Meaning “little apple” in Spanish (due to its round shape), the Manzanilla is widely appreciated for how easy it is to remove its pit as well as its generous flesh. This makes it one of the most popular eating olives, but with its high oil content it’s also ideal for oil production, making it a dual-purpose olive.
This medium-sized olive is what people tend to associate with Olives from Spain, which, not surprisingly, has earned it its nickname as the “Spanish olive.” Manzanilla production is mainly based in the province of Seville, although its presence extends to other Spanish regions as well, such as Badajoz in Extremadura.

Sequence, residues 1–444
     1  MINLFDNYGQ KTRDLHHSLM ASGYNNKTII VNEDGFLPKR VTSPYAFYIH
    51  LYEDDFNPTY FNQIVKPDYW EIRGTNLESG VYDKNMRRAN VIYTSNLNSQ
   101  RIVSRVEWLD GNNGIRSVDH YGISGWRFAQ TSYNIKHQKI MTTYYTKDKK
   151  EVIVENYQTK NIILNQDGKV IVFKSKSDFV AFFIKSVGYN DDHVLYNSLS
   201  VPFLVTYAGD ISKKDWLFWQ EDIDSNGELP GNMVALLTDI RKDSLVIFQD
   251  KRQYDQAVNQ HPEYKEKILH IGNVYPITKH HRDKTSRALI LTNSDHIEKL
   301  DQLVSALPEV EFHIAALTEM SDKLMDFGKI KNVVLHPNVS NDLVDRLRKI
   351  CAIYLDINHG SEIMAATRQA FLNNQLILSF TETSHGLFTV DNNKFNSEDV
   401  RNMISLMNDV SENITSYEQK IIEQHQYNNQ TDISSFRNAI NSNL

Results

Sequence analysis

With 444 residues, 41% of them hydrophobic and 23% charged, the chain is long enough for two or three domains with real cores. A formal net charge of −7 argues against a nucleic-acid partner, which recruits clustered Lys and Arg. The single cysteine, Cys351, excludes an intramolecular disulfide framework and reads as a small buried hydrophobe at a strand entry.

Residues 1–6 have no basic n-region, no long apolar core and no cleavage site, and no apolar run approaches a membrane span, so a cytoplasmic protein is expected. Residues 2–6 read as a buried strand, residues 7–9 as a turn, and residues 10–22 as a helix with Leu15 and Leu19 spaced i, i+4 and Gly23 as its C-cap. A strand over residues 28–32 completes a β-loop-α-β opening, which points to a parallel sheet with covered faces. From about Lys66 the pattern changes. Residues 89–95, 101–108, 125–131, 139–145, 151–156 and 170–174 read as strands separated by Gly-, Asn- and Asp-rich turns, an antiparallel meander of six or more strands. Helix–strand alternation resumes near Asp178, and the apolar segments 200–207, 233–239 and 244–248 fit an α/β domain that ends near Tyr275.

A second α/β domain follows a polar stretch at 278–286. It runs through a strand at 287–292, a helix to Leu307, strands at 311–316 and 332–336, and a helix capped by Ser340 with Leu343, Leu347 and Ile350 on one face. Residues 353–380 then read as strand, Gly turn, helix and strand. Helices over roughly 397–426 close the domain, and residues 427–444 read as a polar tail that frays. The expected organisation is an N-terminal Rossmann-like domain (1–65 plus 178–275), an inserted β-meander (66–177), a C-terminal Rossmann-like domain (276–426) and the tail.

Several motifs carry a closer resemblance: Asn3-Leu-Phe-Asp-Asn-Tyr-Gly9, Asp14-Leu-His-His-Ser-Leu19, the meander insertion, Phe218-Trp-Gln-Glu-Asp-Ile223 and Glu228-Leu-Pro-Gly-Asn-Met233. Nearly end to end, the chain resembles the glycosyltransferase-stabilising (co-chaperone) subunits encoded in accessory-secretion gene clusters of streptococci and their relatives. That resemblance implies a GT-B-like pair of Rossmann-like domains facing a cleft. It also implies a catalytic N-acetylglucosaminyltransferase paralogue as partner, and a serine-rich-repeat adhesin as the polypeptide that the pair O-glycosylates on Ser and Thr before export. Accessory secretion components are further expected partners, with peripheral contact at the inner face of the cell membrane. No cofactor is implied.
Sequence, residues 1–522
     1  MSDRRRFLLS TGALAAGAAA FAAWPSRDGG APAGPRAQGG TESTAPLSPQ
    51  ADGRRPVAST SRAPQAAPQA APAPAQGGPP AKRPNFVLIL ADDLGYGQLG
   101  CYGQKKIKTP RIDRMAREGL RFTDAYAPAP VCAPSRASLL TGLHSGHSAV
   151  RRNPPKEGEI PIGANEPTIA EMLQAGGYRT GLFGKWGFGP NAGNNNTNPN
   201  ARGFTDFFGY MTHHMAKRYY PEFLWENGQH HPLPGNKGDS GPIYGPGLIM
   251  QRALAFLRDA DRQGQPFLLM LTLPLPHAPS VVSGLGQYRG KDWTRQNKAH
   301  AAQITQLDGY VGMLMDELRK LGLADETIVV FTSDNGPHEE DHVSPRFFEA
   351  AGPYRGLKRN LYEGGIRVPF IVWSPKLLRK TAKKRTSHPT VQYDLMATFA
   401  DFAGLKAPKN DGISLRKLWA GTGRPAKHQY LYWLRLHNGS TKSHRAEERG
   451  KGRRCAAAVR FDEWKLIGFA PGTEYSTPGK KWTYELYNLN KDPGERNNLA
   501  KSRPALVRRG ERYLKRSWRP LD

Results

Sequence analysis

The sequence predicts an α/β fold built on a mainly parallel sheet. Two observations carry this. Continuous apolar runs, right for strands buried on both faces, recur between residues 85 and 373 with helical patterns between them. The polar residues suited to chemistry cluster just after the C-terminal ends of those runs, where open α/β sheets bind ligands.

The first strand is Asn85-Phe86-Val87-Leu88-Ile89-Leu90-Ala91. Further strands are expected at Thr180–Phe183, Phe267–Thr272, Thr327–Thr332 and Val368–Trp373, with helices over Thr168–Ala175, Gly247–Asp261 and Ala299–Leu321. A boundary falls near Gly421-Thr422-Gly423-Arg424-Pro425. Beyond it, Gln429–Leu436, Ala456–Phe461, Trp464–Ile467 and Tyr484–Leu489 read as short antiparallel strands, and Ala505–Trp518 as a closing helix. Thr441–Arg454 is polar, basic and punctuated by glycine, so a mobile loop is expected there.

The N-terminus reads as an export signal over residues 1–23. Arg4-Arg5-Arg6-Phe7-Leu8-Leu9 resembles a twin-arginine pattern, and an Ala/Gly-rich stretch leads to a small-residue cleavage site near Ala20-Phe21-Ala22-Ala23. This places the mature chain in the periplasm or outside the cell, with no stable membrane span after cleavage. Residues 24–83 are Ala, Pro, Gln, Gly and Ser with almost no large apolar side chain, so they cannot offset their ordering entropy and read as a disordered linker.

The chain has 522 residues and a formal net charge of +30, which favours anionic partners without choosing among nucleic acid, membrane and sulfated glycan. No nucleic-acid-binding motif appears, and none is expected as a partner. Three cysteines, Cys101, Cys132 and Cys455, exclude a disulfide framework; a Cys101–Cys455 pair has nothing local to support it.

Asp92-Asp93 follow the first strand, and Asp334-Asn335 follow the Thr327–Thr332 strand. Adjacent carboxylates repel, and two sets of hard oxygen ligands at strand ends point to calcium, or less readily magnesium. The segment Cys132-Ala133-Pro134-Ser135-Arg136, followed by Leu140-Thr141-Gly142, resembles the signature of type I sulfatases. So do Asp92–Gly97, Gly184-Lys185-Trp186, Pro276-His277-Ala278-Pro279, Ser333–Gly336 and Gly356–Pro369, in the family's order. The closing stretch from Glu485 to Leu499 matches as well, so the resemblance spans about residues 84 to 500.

should I eat it?
With its smooth texture and lack of bitterness, the Manzanilla is often served as a snack. To enhance its taste, it can be marinated in a mixture of olive oil with a variety of ingredients, ranging from fresh herbs to garlic, honey or orange. In Spain, the marinade usually depends on what fresh products the region has to offer. Its pit is very easy to remove, so this particular olive is also popular for stuffing: pepper, anchovies, cheese—it’s so versatile that it’s complemented by almost any ingredient!